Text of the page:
Large scale criminal hacking has grown at an exponential pace. Within the last few months, Target has been in the spotlight for the hacking of their payment systems where 70-90 million shoppers’ personal information, including credit card data, was stolen. Because we are living in a digital world, it is important to keep in mind that we are not impervious to hacks – even our businesses.

According to a 2011 Computer World survey, 90% of respondents said that their company experienced a hack at least once in a 12-month span, and 60% said that their companies were hacked twice in that same 12 months. According to a more recent Forbes article, 10,000 websites are hacked every day!

Thankfully, Salesforce users benefit from some very robust security portals which come standard to Salesforce users. This is part of the benefit of a multi-tenant SaaS platform. Even so, your organization is not immune to security breaches. Users still create weak passwords and have poor computer habits (like opening that email from a Nigerian Prince). 36% of people don’t password protect their mobile device (cell phone or tablet) which leads to further potential data loss (especially in a BYOD environment).

The great news is that in addition to the great security we get from Salesforce, Administrators can reduce the odds of a breach by making some small tweaks to their Salesforce system.

Password Settings

According to a Deloitte report, 90% of passwords are vulnerable to hacking even if they follow the recommended security strength formula (upper and lower case letters, numbers, symbols and, at least, eight characters). Setting up strong password policies can reduce the chances of a user’s account being hacked by forcing strong passwords.

Password Policies

Administrators can set system-wide policies to enforce the use of strong passwords and limit access to the system after a certain number of failed attempts. Click Setup | Security Controls | Password Policies to access this information. Here, you can:

  • Set passwords to expire after a certain duration requiring users to generate a new password.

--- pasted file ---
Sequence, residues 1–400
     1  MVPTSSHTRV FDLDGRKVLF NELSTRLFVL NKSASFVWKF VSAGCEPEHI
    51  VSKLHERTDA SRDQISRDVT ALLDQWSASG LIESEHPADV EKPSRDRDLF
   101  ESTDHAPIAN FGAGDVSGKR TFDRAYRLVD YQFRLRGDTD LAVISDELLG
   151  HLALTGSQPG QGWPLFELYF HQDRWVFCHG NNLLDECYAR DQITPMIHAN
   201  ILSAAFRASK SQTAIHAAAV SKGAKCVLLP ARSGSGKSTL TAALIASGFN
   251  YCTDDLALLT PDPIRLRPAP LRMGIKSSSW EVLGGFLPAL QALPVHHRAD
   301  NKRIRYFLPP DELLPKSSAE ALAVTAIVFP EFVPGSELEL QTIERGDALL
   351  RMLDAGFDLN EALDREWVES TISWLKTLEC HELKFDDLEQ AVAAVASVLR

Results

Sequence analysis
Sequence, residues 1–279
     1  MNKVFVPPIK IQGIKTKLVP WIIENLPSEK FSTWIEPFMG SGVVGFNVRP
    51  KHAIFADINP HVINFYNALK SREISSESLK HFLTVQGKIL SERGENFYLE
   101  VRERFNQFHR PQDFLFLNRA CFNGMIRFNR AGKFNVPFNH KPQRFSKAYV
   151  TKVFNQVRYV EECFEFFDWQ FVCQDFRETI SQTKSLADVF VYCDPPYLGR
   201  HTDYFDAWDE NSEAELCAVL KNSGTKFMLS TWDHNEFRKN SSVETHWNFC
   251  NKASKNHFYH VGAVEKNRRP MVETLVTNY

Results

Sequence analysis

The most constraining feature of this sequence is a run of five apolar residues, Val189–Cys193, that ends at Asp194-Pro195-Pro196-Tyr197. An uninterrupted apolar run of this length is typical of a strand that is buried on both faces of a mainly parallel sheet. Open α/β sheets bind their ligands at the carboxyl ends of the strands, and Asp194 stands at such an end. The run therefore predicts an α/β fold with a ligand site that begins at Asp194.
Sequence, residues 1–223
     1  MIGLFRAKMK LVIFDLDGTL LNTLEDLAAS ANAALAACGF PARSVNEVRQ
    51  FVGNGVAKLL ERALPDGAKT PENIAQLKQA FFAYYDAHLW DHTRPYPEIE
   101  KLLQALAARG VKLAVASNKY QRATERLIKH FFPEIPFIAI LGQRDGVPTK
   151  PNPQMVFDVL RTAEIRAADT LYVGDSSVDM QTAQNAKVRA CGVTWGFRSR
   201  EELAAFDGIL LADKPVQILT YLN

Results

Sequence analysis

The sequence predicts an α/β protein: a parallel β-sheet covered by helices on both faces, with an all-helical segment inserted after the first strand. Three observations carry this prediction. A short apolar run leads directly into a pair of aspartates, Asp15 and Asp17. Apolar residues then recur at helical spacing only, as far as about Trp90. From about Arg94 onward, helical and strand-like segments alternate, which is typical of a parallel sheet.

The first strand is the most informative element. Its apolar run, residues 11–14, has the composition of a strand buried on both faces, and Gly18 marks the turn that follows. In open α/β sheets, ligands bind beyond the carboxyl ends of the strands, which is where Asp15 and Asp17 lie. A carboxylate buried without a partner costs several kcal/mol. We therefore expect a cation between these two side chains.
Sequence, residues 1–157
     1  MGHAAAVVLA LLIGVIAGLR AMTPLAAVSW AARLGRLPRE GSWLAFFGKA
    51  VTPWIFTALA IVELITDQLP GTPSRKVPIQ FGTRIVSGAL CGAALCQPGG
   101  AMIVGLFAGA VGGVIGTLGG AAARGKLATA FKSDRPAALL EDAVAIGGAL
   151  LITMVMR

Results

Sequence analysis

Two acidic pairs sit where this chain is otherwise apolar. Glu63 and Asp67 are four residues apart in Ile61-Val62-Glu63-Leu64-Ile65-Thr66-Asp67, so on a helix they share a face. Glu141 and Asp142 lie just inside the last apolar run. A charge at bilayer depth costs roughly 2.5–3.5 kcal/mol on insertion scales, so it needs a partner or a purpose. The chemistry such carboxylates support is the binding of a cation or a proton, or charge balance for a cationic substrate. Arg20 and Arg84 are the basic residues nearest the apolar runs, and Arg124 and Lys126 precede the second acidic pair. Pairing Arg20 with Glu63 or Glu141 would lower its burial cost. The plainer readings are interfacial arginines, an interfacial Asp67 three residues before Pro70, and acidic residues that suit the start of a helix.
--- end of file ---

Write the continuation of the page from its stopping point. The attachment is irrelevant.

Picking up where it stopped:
• Determine how many passwords will be remembered to prevent users from recycling previously used passwords.
  • Set a minimum character length and complexity requirements.
  • Prevent the used password from being used as an answer to the user’s security question. (Sorry Sue, you can’t use your pet’s name as the password AND the answer to your security question).
  • Determine the maximum number of login attempts a user can have before being locked out of the system.
  • How long a user is locked out if they exceed those login attempts.

In addition to these items, you may want to encourage the use of a password manager such as LastPass or Dashlane.

While users may not be very happy with some of these settings, it is important to remember that your company owns the data in Salesforce, and it is up to us to ensure that we are enforcing a good password policy.

Enable Login Restrictions

Login restrictions work in addition to password management to help prevent unauthorized access to your companies Salesforce org.

Login Hours

While not every company may find login hours useful or necessary, there are some organizations that want to ensure that certain users are only able to access Salesforce information during a specific range of hours. For example, you may want to prevent members of customer service from accessing Salesforce data while not on the clock.

Business hours can be set and restrictions can be enabled at the profile level by clicking Manage Users | Profiles | Profile Name | Login Hours. Be sure that you review the implications of users time zones settings if you have folks working remotely as the start and end times will be impacted based on their settings.

Two-Factor Authentication

Many popular applications including Facebook, Twitter and Google now have two-factor authentication options. This type of authentication requires two stages of authentication – typically a typical username and password as the first stage, then a verification code as a second stage.

Here is a demo of Salesforce Two-Factor Authentication

Login IP Address Ranges

While setting business hours may restrict when users can access Salesforce, IP address ranges determine where a user can access Salesforce. By restricting access to a specific range of IP addresses, you can ensure that any attempt to access Salesforce outside of that range will be denied. If a user is accessing Salesforce within a specified range, they will be allowed to proceed as long as the standard challenges are completed successfully (such as username and password, two-factor authentication etc.).

This is both good and bad and would require some thought. For example, it is not a good idea to restrict access to sales reps who travel regularly as the IP addresses they use to access Salesforce will change frequently. Because IP restrictions are added at the profile level, you can be rather granular in who is awarded a specific range and who is not.

Organization-Wide Trusted IP Addresses List

Enabling these restrictions can be painful to users, but you can help alleviate these paint-points by enforcing the extra security challenges when users are outside of the office. Setting up an organization-wide trusted IP address list allows users to log into Salesforce without receiving a login challenge.

Administrators should be smart in the way that they activate these security settings. If done wrong, it is possible to cause extensive end-user frustration. If your company has a security team, I highly advise working with them to help communicate the desired security settings and help ensure the settings are correct.

2 thoughts on “ Keeping Your Salesforce Data Safe: User Identity Confirmation Basics ”

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